Lt, Hughes steps out of the column, halts, and so does Wilson. The platoon continues to straggle by Lt. Hughes’s words slurr like a drunk’s: “Goddamnit Wilson, goddamnit, close them up, close them up!” He is a few steps above Wilson, his feet apart, his hands on his hips, and into the cold sky are thrust his shoulders and his head in the iron helmet. Suddenly all over him sunlight prickles and sheens, and what Wilson is seeing freezes him—his own worst and most hidden nightmare out in the light of day.
Then Lt. Hughes comes down—words no longer in the world—and grunting, his spit flecking silver in the sunlight, he slams a two-handed fist into Wilson’s chest, knocks him backward, off balance, boots breaking through the soft under-cut clay of the creek bank, stumbling, falling through the bright air, rifle and all into the ice cold stream. Backside, the heavy pack—both sopped.
Wilson scrambles to his feet among the slick stones. Lt. Hughes again looks like a lieutenant. He is pointing down at Wilson, and he forces a joke with a man who is passing. The man laughs. Lt. Hughes then double-times up the hill, yelling back, “Goddamnit Wilson, move when I tell you to move!”
He gets himself back up on the trail, and a voice is saying, Close it up, Close it up. The men slog along, eyes blank, mouths slack.
“Goddamnit, close it up! Close it up!”
Wilson shoves a guy who is then passing, a cool smiling guy who had gone to Princeton—shoves him hard enough to knock them both off balance. The guy’s smile is gone. Wilson shoves him again—the good hard hit of his hands against the guy’s pack.”Move, goddamnit, close it up!” a voice is yelling.
The air has turned a copper color. Wilson slams the Princeton guy’s helmet, gets him running uphill at a trot. He grabs Lassiter by the shirt, hauls him at a half-run up a hill, Lassiter yelling, cursing, but this like his own, just out there—simply not important any more. Wilson grabs the handle of a guy’s entrenching tool, and with it shoves him like a child’s push toy until the man is caught up with the platoon. He slams helmets, again and again, until the men start to move faster, and he bulldozes them from behind and he kicks at them and he hits them with his fist on the shoulders and back until they are up with the rest. He strips a heavy BAR off a guy, then hits him hard from behind with the butt until the guy has caught up. He gives the barrel of the BAR to the All-American, then digging hard hauls the hulk of him up with the rest of the platoon. The hoarse ragged yelling is still there with the soft crackle of the high tension wires. Heads turning to look back at him, the platoon stays closed up, smack behind Lt. Hughes.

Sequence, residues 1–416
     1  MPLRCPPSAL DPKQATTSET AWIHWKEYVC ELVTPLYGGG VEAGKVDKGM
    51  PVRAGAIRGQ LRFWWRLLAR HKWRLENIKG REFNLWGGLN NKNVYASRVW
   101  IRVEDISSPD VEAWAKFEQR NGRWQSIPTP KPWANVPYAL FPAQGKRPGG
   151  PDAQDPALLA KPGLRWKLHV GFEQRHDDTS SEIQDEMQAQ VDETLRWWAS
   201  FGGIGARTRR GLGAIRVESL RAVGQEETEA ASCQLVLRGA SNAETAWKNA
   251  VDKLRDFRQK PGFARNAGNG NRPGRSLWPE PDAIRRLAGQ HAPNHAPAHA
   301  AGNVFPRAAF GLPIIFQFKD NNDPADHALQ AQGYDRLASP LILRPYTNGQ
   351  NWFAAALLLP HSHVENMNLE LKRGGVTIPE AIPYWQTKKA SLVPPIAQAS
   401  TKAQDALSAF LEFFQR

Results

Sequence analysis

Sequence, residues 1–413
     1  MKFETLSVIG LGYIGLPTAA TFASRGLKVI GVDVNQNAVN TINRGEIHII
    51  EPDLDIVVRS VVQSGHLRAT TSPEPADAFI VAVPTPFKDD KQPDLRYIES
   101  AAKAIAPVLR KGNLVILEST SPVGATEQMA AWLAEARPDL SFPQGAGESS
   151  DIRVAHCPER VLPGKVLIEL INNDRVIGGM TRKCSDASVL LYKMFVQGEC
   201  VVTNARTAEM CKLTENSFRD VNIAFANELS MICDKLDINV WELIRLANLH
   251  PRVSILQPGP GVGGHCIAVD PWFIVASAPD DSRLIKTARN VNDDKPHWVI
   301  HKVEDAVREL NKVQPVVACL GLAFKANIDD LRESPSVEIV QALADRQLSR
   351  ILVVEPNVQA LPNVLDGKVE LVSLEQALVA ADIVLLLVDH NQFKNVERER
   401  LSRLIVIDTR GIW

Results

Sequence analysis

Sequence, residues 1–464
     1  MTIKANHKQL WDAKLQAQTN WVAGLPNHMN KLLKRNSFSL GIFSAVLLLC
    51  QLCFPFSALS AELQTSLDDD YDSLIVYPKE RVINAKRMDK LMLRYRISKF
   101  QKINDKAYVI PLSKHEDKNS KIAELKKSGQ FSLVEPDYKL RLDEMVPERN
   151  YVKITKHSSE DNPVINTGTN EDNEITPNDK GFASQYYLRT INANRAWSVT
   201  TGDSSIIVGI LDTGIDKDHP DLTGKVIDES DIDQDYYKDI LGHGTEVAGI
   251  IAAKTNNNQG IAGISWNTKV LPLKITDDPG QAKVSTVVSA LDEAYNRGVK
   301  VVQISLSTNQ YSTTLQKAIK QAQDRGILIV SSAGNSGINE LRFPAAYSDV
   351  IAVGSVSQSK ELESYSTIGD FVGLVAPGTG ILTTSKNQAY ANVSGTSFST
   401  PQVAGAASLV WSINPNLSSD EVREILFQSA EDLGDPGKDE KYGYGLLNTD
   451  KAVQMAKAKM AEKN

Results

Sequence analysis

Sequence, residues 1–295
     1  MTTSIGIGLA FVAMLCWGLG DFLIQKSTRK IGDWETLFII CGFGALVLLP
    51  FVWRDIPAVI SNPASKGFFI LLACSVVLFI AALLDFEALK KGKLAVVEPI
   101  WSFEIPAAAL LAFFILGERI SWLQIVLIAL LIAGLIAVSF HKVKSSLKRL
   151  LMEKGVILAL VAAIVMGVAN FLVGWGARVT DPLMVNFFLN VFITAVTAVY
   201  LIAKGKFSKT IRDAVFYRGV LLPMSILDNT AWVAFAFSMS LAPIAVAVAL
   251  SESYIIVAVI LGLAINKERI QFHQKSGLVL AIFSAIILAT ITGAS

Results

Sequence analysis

Wilson trots past them as they climb another hill—just pure going now, no mind in it at all—and falls in beside Lt. Hughes at the head of the platoon. Lt. Hughes’s face is red blotched, and he pumps out the longest stride he can manage but it is not too long for Wilson. No, no, a ragged voice yells in Wilson’s head, and he doesn’t grab Lt. Hughes’s arm, run with him, jam him into the straggling rear of the next platoon. Wilson matches Lt. Hughes’s stride.
“You’re an animal,” Lt. Hughes says.
“Do that again,” says Lassiter in the squadbay, “and we’re going to take you out behind the barracks. Lieutenant says we ought to—that you deserve it.” Lassiter’s eyes are narrowed; Nix, the Ail-American, and the guy from Princeton are with him.
The prospect of a fight, even a beating, seems good. Wilson grins. For a moment Lassiter and the others stare, then they break up, and Wilson goes back to spit-shining the toe of his boot. The footlocker is hard against his butt, and there is a good hot ache in his legs and back. The voices in the empty echoing squadbay mix with the clattering lid of a shoeshine can and the shriek of the squadbay door as it opens, closes, opens, closes, and the scrape of the bunks as men drop into them. And in the shiny toe of his boot his own dim face looks blankly back at him.